Self-sabotage can occur when we are attempting to change a habit or improve ourselves (hello new year's resolutions!). Just like when we are in a time of transition and are needing and wanting to make changes in our life, we can, unfortunately be our own worst enemy.
This time of year, when we are just a few weeks into the New Year, the resolutions we made a couple of weeks ago can already be starting to feel a little challenging. Regardless of how deeply we desire to change and feel better, we can find ourselves resisting change, or worse; actively sabotaging our own efforts to either seek support or make positive changes in our lives.
What do I mean by self-sabotage?
In essence, self-sabotage is behaviour (action or inaction) that interferes with or prevents you from achieving long-standing goals.
What does self-sabotage look like?
Let's start with a simple example.
When we are looking to lose weight and get fit, we can feel very motivated for a few days. But it is not unheard-of that we then treat ourselves after we have done some exercise, or feel that we have had a successful day of eating healthily. I am sure you are all familiar with the 'I'll just treat myself to one scoop of ice cream, as I've been good all day' rationale. We all know little treats might be okay, but they also undermine our progress.
Whilst this is a simple and readily understood example (I suspect we have all been there!), it is a quite common approach when we are looking to make more significant changes in our lives too.
Self-sabotage with life goals
When we are wanting to make more significant changes in our life, we may seek assistance from others. Yet even then we can self-sabotage. For example, by making an appointment to speak to a professional to get help, but failing to turn up.
Or making the appointment, but being ridiculously late.
Making the appointment, but filling our day with so many errands and chores that we cannot physically attend the appointment.
For the most part these are not serious sabotages. But they do prevent you from moving forward.
Each time something happens which stops progress or is another form of procrastination, you are hindering your growth as well as your well-being.
For some, they may interpret this resistance as a sign that they were not ready for change after all.
For others, it's our ego saying 'this feels scary, I'm afraid'.
Whether you feel the time is not right for change, or if you are driven by your ego (whether you know it or not), the best way to feel like you have control again in your life and no longer feel stuck, is to take action.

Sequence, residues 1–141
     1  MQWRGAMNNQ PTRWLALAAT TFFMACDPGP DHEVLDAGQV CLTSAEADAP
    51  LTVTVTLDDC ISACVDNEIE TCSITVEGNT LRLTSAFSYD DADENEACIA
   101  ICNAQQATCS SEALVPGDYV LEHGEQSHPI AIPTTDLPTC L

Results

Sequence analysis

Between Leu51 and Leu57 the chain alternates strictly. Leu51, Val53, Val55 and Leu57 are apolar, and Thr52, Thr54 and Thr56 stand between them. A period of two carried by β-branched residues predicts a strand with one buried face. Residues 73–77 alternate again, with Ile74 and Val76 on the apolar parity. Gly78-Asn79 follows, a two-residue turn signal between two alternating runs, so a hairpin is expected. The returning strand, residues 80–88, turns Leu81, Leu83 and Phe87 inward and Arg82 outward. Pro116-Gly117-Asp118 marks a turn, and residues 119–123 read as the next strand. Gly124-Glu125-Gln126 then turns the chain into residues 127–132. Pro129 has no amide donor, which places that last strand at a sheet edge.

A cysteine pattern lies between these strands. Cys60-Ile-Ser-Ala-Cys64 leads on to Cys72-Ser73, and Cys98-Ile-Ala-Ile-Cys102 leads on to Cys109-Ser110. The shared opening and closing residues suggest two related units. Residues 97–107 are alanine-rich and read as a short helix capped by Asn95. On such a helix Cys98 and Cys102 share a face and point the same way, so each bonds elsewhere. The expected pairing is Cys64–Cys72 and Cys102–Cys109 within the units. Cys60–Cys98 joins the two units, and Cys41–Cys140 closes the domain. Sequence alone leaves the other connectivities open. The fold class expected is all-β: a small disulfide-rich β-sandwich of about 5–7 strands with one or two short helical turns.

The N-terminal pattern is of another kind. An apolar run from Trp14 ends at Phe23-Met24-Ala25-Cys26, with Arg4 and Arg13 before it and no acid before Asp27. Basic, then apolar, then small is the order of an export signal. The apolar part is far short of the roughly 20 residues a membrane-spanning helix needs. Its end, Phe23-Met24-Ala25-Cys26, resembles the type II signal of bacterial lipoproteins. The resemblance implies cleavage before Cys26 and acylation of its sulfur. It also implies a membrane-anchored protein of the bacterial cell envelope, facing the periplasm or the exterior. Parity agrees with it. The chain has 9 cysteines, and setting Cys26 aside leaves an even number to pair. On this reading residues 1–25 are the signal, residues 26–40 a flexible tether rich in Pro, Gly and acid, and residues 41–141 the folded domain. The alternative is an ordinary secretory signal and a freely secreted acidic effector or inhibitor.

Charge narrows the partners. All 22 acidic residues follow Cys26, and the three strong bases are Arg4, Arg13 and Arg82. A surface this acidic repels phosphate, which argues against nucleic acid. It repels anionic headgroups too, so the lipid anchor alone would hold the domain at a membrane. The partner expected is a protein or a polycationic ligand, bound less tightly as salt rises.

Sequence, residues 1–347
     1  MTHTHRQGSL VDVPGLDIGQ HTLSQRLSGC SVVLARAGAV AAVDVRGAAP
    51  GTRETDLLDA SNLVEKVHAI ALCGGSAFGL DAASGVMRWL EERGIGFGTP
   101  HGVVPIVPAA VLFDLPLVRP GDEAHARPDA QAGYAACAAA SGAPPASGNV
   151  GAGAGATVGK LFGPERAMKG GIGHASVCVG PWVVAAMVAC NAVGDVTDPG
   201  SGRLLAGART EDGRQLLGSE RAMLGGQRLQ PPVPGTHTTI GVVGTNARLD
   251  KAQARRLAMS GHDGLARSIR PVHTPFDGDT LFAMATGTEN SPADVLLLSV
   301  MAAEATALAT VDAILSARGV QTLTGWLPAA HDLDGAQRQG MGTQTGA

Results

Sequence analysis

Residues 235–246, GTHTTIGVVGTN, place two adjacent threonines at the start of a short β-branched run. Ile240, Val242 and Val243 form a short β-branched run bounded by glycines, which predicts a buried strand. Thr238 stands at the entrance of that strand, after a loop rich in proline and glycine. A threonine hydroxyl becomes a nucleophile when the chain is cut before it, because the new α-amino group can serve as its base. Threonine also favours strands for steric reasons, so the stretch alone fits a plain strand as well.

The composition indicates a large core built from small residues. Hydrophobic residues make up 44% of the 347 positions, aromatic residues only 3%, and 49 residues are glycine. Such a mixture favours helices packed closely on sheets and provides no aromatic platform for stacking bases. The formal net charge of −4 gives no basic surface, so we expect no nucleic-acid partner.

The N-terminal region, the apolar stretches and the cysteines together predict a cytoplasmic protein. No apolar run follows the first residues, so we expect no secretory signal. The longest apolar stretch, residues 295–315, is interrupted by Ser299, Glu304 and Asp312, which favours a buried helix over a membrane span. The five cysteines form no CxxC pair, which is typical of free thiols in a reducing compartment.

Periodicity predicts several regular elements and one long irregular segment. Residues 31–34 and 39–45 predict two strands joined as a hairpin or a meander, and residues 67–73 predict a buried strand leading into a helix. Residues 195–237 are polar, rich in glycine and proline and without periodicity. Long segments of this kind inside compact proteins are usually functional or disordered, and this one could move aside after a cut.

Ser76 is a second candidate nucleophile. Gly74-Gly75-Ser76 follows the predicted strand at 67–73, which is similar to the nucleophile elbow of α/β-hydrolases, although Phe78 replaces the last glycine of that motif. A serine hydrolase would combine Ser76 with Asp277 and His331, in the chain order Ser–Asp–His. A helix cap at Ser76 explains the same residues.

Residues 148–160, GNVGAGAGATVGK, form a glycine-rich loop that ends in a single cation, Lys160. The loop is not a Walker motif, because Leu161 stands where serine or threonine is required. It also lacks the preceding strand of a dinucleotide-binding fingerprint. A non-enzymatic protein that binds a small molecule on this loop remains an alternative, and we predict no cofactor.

An easy way to avoid self-sabotage
To avoid self-sabotage, I play a game with myself. It's a very easy game called 'What's the worst that could happen?'
Put simply, all it requires is jotting down the answer to 'what's the worst that could happen if I turn up to that appointment?', or 'what's the worst that could happen if I make this change?'
Invariably the worst that could happen is not really bad. And it's nearly always a whole lot better than staying stuck where I am!
Remember, most people regret the actions they did not take, not the actions they did take.
How do we take action?
One way to ensure we take action and avoid self-sabotage, is to have an accountability buddy. Enlist the support of a close friend, a coach, or some other trusted confidante to keep you accountable. Most people find it easier to stick to an accountability if they have someone else helping them to do so.
I know I find having external accountability helps with tasks that I feel nervous or anxious about. And change and moving forward, as much as we may want it, can feel anxiety inducing.
Of course the other approach, which also has its merits, is the approach Nike have embraced – just do it!
Action encourages more action, which leads to progress. And invariably, as we act, we feel a greater sense of control and increasingly positive about the changes we seek and are making in our lives.
And, with action underway, that pesky voice of procrastination and self-sabotage is shown the door.
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